UIn the previous entry in the Propaganda Tiles series, I wrote about the history of the tiles, and my plans to sort them by color. It turns out this requires a dramatic amount of mathematics, almost all of which are miles above my head.

The primary field that works on this kind of image processing is the computer vision branch of artificial intelligence research. Luckily, there’s the OpenCV library – a vast collection of resources and program code – to help out. It’s another one of those remarkable open-source community-run projects that rivals any commercial solution.

I’ll be using some of the OpenCV libraries to process the Propaganda tiles and extract the top three colors in each image, along with the percentage of each. This will be done with a technique called k-means clustering, and this is how it works:

That’s from Wikipedia. I really have no idea what it means. I ain’t never had enough education to learn such fancy math. Heck, I couldn’t even get WordPress to draw a border around the image, so I had to replace it manually.

I realized this morning that searching for tiles based on a chosen color would be complicated. A color is a three-dimensional value, the most common being the levels of red, green, and blue. In the web world, these are expressed as a set of hexadecimal (base-16) numbers, like #a47eb1. That’s a4 (164) for red, 7e (126) for blue, and b1 (177) for green. These combine to make a sort of lavender purple color:

But it dawned on me that I can’t just “add X to blue” to find similar colors, because just moving along the blue scale isn’t helpful. If you take this color and fiddle with only the blue value, it ranges from purple to orange. Adding to or subtracting from all three colors just moves you closer to white or black. Not helpful.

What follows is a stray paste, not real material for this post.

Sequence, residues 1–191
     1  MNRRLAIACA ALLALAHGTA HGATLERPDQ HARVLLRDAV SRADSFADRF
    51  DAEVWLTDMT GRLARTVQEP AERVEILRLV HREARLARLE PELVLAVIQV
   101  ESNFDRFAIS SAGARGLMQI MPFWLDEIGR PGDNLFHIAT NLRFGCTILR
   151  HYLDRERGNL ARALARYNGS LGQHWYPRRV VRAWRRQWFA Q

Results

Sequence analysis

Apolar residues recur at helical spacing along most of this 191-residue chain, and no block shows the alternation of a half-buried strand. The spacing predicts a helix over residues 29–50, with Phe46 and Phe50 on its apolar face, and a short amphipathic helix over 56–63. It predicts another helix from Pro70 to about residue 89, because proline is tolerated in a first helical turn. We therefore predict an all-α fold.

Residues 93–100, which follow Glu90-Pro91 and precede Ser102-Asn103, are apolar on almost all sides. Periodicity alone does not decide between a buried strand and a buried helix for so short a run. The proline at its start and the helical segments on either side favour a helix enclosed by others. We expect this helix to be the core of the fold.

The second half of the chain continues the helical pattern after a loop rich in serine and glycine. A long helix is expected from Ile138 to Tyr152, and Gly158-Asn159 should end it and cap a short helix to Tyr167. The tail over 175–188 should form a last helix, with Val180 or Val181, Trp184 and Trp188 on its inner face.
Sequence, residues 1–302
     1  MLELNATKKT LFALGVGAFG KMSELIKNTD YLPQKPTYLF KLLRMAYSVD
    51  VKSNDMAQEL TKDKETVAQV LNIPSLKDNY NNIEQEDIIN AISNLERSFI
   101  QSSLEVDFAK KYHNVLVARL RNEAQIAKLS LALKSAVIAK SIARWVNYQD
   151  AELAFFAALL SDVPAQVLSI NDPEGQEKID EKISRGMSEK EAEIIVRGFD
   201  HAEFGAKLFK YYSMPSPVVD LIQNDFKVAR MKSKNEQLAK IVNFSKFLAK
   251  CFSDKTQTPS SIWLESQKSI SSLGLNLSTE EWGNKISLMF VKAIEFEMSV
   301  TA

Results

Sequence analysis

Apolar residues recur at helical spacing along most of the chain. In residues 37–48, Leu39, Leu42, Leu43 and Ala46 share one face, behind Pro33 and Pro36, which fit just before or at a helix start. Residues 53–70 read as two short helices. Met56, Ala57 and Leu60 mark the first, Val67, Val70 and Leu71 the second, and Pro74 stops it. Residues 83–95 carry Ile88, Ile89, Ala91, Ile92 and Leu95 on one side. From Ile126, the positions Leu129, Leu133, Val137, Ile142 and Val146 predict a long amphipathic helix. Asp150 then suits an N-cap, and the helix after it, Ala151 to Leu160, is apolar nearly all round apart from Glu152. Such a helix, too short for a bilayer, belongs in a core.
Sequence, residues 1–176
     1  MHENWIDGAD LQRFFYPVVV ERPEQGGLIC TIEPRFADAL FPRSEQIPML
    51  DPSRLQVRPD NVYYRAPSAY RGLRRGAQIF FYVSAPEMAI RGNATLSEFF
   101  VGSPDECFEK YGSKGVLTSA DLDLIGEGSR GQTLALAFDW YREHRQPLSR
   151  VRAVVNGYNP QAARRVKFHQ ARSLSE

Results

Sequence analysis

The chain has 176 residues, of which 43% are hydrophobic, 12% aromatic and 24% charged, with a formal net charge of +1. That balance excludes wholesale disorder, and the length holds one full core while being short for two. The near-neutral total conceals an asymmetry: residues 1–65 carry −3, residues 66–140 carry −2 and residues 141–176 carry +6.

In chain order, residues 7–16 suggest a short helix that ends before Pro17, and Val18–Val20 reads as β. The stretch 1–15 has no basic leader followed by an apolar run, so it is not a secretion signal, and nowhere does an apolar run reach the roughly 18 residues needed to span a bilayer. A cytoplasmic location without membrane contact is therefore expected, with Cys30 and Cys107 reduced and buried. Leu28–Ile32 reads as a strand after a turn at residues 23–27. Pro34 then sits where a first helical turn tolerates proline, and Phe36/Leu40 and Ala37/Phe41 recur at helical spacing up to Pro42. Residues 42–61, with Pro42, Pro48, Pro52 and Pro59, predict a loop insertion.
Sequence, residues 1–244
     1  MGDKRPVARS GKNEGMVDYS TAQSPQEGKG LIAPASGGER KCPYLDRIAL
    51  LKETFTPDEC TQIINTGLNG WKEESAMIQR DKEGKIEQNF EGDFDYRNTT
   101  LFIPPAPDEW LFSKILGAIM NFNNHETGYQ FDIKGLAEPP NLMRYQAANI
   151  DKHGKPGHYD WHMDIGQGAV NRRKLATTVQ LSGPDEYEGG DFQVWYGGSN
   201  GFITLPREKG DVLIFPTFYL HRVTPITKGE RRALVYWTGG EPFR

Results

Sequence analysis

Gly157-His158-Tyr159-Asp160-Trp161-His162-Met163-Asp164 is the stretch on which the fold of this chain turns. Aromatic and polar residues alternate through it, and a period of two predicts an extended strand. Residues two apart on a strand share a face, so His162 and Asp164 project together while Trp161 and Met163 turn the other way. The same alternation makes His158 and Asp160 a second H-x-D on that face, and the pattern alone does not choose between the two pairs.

There’s another way to represent colors: HSV, which stands for hue, shade, and value. This method is a lot less intuitive than red, green, and blue. The distinctions between hue, shade, and value are more difficult to grasp, at least for me. The Wikipedia page for HSV (and its cousin, HSL) runs to fifteen printed pages and includes diagrams like this:


Which is pretty, and it also makes a kind of sense of the whole HSV concept. But then the math comes in. Again. And you run into things like this:

It’s all three-dimensional computation, polar coordinates, vectors, and other mathematical concepts that are beyond my ability comprehend.

Luckily, I’m using OpenCV to do this work. It has a community of users. Users who are helpful and friendly. I asked my question on the OpenCV forums and got some helpful tips. It appears I don’t have any choice but to learn some of this math if I want my project to succeed. Or I at least need to understand how to use the OpenCV functions. Specifically something called flann. I’ll get back to you once I figure it out.

In the mean time, happy Propaganda to all, and thanks to the OpenCV members who shared their knowledge.


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